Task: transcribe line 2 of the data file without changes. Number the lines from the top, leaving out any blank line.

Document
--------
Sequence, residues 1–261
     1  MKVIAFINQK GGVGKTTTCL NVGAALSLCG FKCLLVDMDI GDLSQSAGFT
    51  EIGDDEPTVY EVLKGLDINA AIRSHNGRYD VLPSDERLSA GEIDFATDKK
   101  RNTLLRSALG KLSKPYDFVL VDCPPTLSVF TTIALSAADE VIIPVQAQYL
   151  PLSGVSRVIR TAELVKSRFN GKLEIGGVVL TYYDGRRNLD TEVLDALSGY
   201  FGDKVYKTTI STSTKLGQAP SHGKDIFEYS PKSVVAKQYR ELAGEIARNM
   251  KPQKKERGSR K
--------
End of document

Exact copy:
     1  MKVIAFINQK GGVGKTTTCL NVGAALSLCG FKCLLVDMDI GDLSQSAGFT